Hawksbill Turtle Investigation Yields Important Findings in Panama | WWF

Hawksbill Turtle Investigation Yields Important Findings in Panama

Posted on
29 septiembre 2017
The hawksbill turtle global population has decreased by 80% over the last century, and thus has been catalogued as a critically endangered species on the International Union for Conservation of Nature (UICN) Red List. In the Pacific Ocean, this turtle is particularly endangered and its population is considered to be one of the most vulnerable on the planet, with less than 700 egg-laying females in the entire Eastern Pacific from Mexico to Peru.
Since 2014, the Ministry of the Environment of Panama has promoted a project to monitor the presence and abundance of hawksbill turtles in Coiba National Park. This protected area has been confirmed to be the most important feeding (forage) site in the Eastern Tropical Pacific Ocean (ETPO). Preliminary findings of this project were recently published in the Latin American Journal of Aquatic Research (LAJAR).
Between September 3-9, 2017, the Eighth Hawksbill Turtle Monitoring Campaign was conducted in the Coiba National Park, a marine protected area with 216,543 hectares in the Panamanian Pacific’s Gulf of Chiriqui.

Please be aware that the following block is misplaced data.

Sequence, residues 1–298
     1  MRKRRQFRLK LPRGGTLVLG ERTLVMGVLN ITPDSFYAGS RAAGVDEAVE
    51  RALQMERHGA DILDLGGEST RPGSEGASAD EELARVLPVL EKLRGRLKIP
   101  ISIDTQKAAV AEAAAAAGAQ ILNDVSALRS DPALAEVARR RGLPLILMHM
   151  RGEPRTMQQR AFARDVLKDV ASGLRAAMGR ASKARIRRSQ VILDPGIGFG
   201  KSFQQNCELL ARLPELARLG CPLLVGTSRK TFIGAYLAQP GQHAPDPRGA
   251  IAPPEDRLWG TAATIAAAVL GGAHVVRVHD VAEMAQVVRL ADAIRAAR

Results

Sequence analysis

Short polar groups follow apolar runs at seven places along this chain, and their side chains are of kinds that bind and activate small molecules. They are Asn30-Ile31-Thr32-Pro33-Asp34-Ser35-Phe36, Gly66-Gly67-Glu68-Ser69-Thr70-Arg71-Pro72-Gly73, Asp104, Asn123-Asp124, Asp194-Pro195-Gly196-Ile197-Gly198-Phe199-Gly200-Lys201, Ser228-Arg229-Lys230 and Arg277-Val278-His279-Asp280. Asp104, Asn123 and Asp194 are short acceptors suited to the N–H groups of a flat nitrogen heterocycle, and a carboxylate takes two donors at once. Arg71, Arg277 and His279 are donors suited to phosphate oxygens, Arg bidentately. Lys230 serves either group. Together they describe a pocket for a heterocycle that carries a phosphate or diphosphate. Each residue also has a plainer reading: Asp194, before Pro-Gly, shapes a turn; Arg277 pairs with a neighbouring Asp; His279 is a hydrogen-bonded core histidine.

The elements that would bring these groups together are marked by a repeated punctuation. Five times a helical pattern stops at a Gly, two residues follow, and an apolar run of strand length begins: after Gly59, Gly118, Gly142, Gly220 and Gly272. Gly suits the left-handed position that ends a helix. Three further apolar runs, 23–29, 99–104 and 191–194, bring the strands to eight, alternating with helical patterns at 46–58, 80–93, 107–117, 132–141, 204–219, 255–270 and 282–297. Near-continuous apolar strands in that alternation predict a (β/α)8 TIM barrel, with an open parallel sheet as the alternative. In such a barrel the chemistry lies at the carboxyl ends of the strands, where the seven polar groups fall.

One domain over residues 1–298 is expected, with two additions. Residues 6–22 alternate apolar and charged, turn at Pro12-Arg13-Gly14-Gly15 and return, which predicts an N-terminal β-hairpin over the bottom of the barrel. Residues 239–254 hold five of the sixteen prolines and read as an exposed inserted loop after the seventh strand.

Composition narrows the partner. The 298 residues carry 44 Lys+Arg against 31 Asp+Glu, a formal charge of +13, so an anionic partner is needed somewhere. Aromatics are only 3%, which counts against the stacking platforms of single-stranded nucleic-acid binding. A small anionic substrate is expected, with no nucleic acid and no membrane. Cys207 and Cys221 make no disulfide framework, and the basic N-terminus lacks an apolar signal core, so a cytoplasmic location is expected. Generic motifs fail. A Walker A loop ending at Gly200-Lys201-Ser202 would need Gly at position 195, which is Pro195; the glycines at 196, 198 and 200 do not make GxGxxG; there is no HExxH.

© WWF-Panamá 
During the visit, a total of 114 hawksbill turtles were captured, exceeding the previous record (in the sixth campaign) of 66 turtles and bringing the total number of tagged specimen over the years of all the campaigns to 291. As mentioned by the biologist Israel Llamas, principal author of the article recently published in the LAJAR journal, “These elevated numbers represent the largest population that has been detected in a feeding area in the entire ETPO and highlight the importance of continuing to protect and research the species within Coiba National Park.”

© WWF-Panamá 

The high number of hawksbill turtle individuals also caught the attention of the Ministry of the Environment given that this species is one of the most remarkable wildlife attractions of Coiba National Park. According to Dr. Eric Flores, Coiba National Park Director, “Ecotourism creates income for the park, and benefits for the nearby community tourism guides.”
Researchers once again implemented satellite technology to better understand this species’ movements. A satellite transmitter was installed on a female turtle named MARIA SOFIA II, for several days, the turtle has been transmitting data on her location and migrations, which can be followed on the Internet.

“The Coiba National Park is a nurturing area for hawksbills in the region and satellite telemetry studies have shown that this species is exceptionally loyal to its foraging sites,” says Dr. Diego Amorocho, WWF Latin America Species Specialist, who is also working with the park on the satellite telemetry. “This will provide us with fundamental information for the management and conservation of the species.

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